Representing the male contingent are a pair of karate slippers, Lot 245, worn by Bruce Lee in "Enter the Dragon," (1973), a cult film that launched an avalanche of kung fu and karate movies that appeal to a global audience. The slippers have an estimate of $4,000 to $6,000. They sold for $3,840. The sale also features Al Pacino's navy blue suit from "The Godfather," which has an estimate of $2,000 to $3,000, a robe worn by Marlon Brando, which has an estimate of $500 to $700.

Stan Laurel trunks

Lot 66, Stan Laurel trunks

Fans of the legendary comedy team "Laurel and Hardy" will have the rare opportunity to acquire 30 lots from the Estate of Stan Laurel, including his signature bowler hat ($10,000 to $15,000), bow ties ($800 to $1,200), a black leather binder with ideas for gags ($2,000 to $3,000) and two wonderful wardrobe cases, Lot 66, with Stan Laurel's name painted on the exterior, and smothered with Cunard Line labels and stickers from the hotels where the famous duo stayed while on tour: Royal Crescent Hotel, Brighton; Midland Hotel, Belfast; Park Hotel, Cardiff; and Golf Hotel, St. Raphael. The trunks are estimated at $1,500 to $2,500. It sold for $6,600.

Valentino by Shirley Blaine

Lot 35, "Rudolph Valentino" by Shirley Blaine

Romance abounds in black and white and sepia toned photographs of legendary stars of the silver screen, including show stoppers of Rudolph Valentino from the estate of his first wife Jean Acker, circa 1919 taken by Shirley Blaine, L.A. Lot 35, shown above, is estimated between $2,000 to $3,000. It sold for $5,040. Valentino's smoldering good looks were matched by a passionate nature, illustrated in the tender inscriptions on his photographs to Acker: "To a young, adored woman. Never forget who loves you like mad." Valentino clearly had all the necessary "heart throb" qualifications that propelled thousands of women into movie theatres to see him as "Son of Sheik," among other glamorous roles.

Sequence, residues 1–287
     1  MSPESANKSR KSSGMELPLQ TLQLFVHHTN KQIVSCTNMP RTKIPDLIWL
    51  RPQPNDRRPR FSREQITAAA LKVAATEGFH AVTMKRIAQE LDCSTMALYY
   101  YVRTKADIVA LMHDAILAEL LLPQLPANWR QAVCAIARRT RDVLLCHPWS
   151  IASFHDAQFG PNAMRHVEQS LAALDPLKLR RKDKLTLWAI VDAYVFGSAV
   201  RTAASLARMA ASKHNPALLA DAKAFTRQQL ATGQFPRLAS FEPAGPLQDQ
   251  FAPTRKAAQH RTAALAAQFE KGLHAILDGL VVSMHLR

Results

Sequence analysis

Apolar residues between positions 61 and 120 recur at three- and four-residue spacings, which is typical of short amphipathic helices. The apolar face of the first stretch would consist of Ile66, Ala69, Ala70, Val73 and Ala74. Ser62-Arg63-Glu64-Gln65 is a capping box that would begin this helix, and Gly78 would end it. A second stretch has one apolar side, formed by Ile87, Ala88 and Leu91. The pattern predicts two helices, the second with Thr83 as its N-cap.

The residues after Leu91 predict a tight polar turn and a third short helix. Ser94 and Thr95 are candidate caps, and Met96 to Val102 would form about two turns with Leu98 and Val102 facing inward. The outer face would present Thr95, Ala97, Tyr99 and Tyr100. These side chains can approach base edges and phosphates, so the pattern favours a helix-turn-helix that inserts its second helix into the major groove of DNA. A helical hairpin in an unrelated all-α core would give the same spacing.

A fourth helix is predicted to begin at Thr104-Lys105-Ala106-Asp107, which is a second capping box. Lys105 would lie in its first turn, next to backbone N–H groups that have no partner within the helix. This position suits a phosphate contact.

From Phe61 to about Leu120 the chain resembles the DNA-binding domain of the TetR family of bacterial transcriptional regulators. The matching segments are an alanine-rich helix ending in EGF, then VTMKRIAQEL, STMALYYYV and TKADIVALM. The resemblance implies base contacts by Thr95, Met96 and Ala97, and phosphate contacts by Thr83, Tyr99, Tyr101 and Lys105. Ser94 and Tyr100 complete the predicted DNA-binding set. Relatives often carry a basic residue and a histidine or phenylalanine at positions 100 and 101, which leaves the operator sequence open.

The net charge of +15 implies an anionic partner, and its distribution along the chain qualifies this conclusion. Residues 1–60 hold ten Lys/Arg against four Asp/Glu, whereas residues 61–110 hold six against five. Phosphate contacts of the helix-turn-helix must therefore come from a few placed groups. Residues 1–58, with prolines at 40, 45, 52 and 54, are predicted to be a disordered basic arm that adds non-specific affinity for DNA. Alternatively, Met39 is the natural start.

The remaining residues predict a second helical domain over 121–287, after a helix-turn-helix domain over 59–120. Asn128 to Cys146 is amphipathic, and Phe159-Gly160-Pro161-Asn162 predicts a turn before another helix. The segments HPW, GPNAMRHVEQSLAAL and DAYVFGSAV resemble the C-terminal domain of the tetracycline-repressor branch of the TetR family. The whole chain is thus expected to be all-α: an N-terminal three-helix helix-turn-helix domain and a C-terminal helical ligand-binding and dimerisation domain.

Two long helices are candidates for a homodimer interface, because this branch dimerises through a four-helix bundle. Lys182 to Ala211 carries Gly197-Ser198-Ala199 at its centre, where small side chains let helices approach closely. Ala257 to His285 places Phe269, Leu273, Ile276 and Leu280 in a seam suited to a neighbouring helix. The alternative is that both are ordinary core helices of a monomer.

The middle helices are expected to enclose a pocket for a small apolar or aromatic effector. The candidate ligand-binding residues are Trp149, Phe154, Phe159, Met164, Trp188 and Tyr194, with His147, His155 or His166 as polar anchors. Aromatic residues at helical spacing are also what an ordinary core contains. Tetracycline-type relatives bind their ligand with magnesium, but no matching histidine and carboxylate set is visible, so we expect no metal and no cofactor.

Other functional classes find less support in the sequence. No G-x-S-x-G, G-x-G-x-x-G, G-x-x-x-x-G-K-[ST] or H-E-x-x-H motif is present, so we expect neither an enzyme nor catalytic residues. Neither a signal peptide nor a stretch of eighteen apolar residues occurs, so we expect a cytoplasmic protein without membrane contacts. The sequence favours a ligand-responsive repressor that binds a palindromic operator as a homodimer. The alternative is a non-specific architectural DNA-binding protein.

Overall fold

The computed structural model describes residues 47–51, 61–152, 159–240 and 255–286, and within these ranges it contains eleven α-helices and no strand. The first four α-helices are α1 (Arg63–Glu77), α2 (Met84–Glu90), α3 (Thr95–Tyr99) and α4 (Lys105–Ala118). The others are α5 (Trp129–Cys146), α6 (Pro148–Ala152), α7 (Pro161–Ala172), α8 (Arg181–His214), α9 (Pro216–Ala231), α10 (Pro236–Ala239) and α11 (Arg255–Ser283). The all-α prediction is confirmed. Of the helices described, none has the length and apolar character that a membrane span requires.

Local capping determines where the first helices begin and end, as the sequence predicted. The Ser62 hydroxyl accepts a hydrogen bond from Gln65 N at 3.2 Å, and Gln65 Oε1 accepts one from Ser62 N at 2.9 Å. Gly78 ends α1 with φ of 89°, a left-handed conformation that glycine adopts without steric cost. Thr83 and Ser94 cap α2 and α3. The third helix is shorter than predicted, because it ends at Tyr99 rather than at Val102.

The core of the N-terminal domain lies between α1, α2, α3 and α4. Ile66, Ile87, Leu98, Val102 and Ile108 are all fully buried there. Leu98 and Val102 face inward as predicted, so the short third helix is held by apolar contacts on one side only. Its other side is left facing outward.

The 1920s was the era of silent films, when the majority of women were still traditional housewives, providing ample opportunities to attend movies in the afternoon, from which the term "matinee idol," emerged. Valentino was the first of what would become a steady stream of Hollywood "hunks," many of them featured in photographs in this sale. Illustrated below is Lot 174, a photograph of "the king of cool," Steve McQueen, (1956), taken by Roy Schatt, estimated at $1,000 to $1,500. It sold for $960.

Steve McQueen by Roy Schatt

Lot 174, "Steve McQueen," by Roy Schatt

A recently discovered archive of unseen photographs of Hollywood icons like James Dean, Elizabeth Taylor, Frank Sinatra, Dean Martin, Jane Mansfield and Marilyn Monroe were taken by the Los Angeles photographer Frank Worth, and were based on his personal acquaintance with them. Worth worked in Hollywood in the 1940s and 1950s, and his unwillingness to cash in on his celebrity photographs displayed a gallantry and loyalty totally absent from papparazzi today.